18th October 2017 by Jolyon Webber

Dries Van Noten, 1-100

Following Dries Van Noten’s 100th collection in March earlier this year, the Belgian designer is commemorating a 30-year legacy with a new retrospective book. Released in two volumes, titled 0-50 and 51-100 respectively, each box (it’s a book that comes in a box) is an illustrative guide to the designer whose garments forged together high fashion, fine art, and intellectualism in a way that set a precedent for the abundance of modern designers emerging and thriving today. With extended notes from renowned editors, Tim Blanks and Susannah Frankel, Dries Van Noten 1-100 is a mandatory addition to any fashion library with over 2000 photographs from the brand’s genesis in 1986 London to the present day. 

In a fashion landscape where pool sliders and tracksuits are still a pinnacle of high-end luxe, we must re-work our concept of what it means to represent “luxury fashion”. A précis of a designer like Dries Van Noten can reveal how we got here, and why his brand, in spite of zero advertising has succeeded in being a veritable, consistent cornerstone of high-end fashion with no reliance on gimmicks and aside from occasionally designing dresses for the Queen of Belgium, a complete lack of egregious celebrity endorsement. 

Patrice Sable/Lanoo Publishing.

“I like the idea that this commemorates my past so that I may just focus on the future and further evolving as a designer from now. I originally published a book to commemorate my 50th show and so it came naturally to also do so for the 100th. The 100th show itself was a celebration and I wanted to make it last”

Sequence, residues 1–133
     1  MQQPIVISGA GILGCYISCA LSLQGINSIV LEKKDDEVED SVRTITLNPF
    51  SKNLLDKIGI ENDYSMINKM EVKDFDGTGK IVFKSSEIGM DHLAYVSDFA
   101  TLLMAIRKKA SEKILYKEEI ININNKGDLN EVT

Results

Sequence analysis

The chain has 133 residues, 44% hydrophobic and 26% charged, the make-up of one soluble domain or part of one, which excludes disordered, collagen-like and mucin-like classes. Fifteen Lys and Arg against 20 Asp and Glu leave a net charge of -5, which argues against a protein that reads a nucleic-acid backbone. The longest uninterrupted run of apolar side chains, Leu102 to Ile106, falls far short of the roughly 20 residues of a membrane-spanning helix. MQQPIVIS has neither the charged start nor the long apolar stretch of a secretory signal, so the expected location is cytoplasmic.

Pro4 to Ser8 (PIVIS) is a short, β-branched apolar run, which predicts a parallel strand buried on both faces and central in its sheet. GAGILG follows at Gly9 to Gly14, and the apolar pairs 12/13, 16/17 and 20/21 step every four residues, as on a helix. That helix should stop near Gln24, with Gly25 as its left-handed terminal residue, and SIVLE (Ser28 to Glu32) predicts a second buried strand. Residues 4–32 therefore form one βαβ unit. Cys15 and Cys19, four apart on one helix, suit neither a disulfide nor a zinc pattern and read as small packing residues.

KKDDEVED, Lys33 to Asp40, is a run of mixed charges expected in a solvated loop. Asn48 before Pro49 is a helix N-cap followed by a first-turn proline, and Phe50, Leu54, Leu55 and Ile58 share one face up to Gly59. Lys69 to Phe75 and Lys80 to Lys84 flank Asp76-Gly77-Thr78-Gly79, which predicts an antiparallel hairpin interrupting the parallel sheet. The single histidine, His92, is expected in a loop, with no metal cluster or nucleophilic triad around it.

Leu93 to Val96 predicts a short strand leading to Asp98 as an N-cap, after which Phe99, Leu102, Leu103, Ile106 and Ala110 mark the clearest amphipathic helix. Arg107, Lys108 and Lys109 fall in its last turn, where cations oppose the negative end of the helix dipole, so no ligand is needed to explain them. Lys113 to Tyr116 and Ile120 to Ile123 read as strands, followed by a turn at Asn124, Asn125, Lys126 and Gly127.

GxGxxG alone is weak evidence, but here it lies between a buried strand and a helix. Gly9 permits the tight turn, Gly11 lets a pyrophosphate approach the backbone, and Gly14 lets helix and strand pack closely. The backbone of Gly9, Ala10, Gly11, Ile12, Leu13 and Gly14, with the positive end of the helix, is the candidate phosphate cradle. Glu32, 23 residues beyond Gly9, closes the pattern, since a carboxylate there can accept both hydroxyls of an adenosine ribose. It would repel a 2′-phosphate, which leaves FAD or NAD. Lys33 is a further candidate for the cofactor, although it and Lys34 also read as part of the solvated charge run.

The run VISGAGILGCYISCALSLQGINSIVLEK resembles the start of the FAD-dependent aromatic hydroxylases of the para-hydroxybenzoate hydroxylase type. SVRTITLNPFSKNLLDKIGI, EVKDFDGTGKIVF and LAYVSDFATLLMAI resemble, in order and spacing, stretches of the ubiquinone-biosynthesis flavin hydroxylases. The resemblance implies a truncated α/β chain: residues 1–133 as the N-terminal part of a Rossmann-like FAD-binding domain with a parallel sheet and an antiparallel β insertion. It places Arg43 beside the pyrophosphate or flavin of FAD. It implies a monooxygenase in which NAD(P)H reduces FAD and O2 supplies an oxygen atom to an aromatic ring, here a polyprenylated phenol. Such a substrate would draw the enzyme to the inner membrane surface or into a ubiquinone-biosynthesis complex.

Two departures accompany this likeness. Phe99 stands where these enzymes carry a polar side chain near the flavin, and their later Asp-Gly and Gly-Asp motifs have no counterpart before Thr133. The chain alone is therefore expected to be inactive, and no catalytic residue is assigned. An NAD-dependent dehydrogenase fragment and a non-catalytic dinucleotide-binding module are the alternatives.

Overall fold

Along with contemporaries Ann Demeulemeester and Walter Van Beirendonck, Dries Van Noten forms part of the Antwerp 6, a collective name for a group of designers who graduated from Antwerp’s Academy of Fine Arts in the early 1980s. His clothes and even more so, his approach to business, stands quite apart from other designers. The labor-intensive intricacy of his clothes hails from the designer’s generational background of tailoring, garment-makers, and retailers.

To decode the language of Dries Van Noten, one needs to examine the fine art references and avant-garde prints. His aesthetic is expressive, favouring texture and boldness with a disregard for the pared-down minimalism that propelled other brands like Helmut Lang to the height of cool in the early 90s. 

“It is exciting having all the shows in this special object, being able to remember, read and understand the context and inspiration of a show through texts and pictures, not only about the show itself but also on everything surrounding it.”

Whilst successful from the onset with Barney’s in New York and Whistler in London putting in orders to stock his clothing almost immediately, the brand fell into the background amidst more sexualised and contemporary 80s designers such as Yves Saint Laurent before finding a powerful resurgence in the mid-2000s, where opulence once more reigned supreme.

A de facto master of elegance and one of last high-end fashion designer of his kind Dries Van Noten 1-100 will edify fans and enlighten curious aesthetes as to how he turned Belgium the avant-garde mecca that it is today. 

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